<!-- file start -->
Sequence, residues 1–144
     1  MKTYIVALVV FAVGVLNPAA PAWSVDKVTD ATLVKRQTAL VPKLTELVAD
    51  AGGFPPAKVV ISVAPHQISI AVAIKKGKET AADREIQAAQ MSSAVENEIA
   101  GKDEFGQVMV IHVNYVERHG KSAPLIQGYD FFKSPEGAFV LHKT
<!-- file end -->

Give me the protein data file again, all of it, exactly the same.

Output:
Sequence, residues 1–144
     1  MKTYIVALVV FAVGVLNPAA PAWSVDKVTD ATLVKRQTAL VPKLTELVAD
    51  AGGFPPAKVV ISVAPHQISI AVAIKKGKET AADREIQAAQ MSSAVENEIA
   101  GKDEFGQVMV IHVNYVERHG KSAPLIQGYD FFKSPEGAFV LHKT